6 Strategies to Succeed When Business is Slow
By Aubri Devashrayee
Every business experiences highs and lows. Your home inspection business is no exception—especially if you’ve built it from the ground up. The lows can be daunting, but they don’t have to be a stumbling block to your success. There are steps you can take to not only mitigate potential losses and keep profits coming in but also to improve your company so you can come back stronger than ever. Here are six valuable strategies for when business is slow.
1. Get talking.
Take this time to talk to your clients and partners in the real estate industry—like real estate agents and contractors. By building relationships of trust now, you can get more business later.
MBO Partners, an online talent acquisition platform for independent businesses, recommends personalizing emails and calls to past clients. They suggest following up with previous projects you’ve completed for these clients and asking if they’re in need of other projects—like annual or specialty inspections—you can do for them.
Another way to drum up business is to ask for referrals and reviews. Even if your network doesn’t have someone to refer you now, asking for references can keep you top-of-mind. And if you’re top-of-mind, you’ll be the one they think of first when someone needs a home inspection.
Additionally, anyone who’s had a positive experience with your company can write a review and have a substantial impact. A 2017 survey by Podium revealed that reviews impact 93 percent of consumers‘ purchasing decisions. That means that endorsements of your business carry a lot of clout with potential clients.
2. Get social.
Establish a strong social media presence across pertinent platforms. Through social media, you can attract new business and deepen the relationships we discussed earlier.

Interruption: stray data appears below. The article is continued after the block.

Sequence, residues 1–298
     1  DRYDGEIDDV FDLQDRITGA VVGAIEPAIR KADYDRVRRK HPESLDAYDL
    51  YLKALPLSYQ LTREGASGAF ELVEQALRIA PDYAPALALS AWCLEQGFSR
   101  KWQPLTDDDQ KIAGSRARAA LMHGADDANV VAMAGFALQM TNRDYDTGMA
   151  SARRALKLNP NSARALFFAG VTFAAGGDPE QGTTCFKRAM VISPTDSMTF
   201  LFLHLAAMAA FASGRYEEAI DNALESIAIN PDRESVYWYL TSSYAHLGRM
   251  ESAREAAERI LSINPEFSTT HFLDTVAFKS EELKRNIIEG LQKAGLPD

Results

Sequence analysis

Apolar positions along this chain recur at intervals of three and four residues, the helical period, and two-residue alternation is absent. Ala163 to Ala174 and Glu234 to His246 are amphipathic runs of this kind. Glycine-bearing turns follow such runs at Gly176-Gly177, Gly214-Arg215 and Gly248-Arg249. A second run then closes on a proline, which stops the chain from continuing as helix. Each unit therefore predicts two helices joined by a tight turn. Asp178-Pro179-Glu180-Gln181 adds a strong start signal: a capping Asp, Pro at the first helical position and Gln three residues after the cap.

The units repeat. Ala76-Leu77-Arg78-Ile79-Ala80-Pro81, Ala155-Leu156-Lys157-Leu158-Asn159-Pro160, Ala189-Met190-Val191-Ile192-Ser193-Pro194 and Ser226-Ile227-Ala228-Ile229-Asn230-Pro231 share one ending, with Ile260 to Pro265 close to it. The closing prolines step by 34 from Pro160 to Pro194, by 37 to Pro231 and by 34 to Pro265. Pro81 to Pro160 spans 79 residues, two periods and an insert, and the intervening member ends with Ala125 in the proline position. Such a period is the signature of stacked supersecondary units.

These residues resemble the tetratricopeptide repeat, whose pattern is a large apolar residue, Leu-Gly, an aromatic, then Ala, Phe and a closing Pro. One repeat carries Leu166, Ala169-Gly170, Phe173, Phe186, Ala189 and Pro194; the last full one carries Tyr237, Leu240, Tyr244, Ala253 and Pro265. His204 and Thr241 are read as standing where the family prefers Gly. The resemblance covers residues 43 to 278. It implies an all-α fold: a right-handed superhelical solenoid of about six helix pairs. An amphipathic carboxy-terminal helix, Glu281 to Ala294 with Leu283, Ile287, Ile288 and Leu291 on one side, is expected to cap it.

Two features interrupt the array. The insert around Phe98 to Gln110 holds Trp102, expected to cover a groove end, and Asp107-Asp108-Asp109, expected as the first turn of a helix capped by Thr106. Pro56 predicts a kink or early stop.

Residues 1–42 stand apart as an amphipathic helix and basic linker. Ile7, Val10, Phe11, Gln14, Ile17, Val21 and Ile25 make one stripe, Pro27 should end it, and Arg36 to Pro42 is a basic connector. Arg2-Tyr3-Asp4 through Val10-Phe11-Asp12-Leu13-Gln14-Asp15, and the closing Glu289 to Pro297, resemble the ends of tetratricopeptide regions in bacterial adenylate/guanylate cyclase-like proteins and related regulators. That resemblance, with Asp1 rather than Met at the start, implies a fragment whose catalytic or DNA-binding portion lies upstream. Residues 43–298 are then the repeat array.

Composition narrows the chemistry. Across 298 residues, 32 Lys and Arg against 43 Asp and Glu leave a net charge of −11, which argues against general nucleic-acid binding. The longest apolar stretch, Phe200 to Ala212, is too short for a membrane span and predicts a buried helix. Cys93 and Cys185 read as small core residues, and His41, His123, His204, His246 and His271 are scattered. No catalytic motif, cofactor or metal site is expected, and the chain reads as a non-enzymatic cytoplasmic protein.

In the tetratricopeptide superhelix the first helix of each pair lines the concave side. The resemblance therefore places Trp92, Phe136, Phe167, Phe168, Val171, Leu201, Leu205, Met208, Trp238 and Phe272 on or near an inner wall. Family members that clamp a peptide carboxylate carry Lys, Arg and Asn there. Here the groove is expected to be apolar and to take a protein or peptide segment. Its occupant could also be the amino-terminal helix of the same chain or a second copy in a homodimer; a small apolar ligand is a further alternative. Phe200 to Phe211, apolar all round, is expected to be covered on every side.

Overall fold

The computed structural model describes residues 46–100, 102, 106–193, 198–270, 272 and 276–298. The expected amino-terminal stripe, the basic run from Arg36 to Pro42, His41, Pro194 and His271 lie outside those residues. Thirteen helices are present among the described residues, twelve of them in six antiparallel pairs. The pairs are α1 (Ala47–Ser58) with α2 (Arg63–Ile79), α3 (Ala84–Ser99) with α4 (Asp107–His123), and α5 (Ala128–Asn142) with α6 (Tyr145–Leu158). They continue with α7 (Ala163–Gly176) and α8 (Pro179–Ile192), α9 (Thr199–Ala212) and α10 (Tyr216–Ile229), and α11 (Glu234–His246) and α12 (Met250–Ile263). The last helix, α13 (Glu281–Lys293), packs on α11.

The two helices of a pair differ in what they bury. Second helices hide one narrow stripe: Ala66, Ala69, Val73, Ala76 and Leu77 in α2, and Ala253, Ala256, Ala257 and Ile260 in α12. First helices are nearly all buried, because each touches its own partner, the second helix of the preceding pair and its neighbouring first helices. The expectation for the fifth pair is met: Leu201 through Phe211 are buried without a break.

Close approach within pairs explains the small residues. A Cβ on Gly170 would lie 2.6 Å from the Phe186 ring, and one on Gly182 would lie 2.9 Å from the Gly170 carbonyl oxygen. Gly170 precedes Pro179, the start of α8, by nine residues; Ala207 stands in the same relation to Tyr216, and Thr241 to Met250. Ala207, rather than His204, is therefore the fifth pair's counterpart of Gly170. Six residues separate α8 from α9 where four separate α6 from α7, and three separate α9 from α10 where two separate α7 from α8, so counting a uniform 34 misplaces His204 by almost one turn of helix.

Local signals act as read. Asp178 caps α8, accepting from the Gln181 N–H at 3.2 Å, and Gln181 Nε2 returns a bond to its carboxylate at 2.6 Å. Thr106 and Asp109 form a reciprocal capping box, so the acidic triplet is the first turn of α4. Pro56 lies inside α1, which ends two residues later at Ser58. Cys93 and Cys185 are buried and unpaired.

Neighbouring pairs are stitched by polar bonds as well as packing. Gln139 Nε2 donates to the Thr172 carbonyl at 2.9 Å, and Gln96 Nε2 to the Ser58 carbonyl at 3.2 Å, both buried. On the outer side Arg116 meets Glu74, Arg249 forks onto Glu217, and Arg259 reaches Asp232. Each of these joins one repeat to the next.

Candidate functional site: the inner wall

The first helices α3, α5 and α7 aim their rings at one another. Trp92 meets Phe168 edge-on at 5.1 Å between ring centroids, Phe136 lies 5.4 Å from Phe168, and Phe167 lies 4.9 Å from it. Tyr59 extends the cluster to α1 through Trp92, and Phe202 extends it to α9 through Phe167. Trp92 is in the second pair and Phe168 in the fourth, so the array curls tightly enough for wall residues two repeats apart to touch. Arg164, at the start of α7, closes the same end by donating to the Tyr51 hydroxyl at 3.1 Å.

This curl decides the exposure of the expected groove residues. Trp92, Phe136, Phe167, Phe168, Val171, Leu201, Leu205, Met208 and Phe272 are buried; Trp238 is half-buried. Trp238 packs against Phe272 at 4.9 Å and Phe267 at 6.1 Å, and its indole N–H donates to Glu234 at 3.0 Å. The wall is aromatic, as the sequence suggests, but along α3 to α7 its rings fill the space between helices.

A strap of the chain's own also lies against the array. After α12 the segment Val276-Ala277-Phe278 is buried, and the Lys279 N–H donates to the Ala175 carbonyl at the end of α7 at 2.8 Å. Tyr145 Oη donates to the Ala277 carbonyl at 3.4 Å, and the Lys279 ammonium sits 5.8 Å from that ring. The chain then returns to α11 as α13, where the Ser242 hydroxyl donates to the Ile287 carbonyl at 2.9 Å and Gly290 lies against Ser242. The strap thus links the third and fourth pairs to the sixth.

If you have social media accounts, update them and be active on them. Don’t have social media accounts? Create them. Some social media networks to consider using include:
- Google My Business
While social media platforms and new technology can be daunting, delving further into these resources when business is slow can give you a significant edge over competitors. It may be out of your comfort zone, but the easier it is for potential clients to learn about and contact you, the more likely they’ll schedule inspections.
3. Get insured.
Insurance protects you against risks (claims) by providing you with defense, including an attorney and legal costs, and with indemnity, or any payout at the end of litigation. There are two coverage types experts recommend every home inspector carry: errors and omissions (E&O) and general liability (GL).
- E&O insurance protects you when your clients accuse you of missing something during an inspection and leaving it out of your report.
- GL insurance protects you if someone accuses you of damaging their property or causing someone bodily harm as a result of your inspection.
(You can learn more about these two coverage types in our article “E&O vs General Liability: What they are and why you need both.”)
But E&O and GL insurance aren’t the only coverage types your business might want to consider. Here are just a few other types of insurance that may make sense for your inspection business:
- Equipment coverage (a.k.a. inland marine)
- Workers’ compensation
- Commercial auto
- Business owners’ insurance (BOP)
During the slow season, we recommend following these two steps to make sure you’re protected against claims:
- Review your current policy to make sure you have adequate coverage for your inspection business.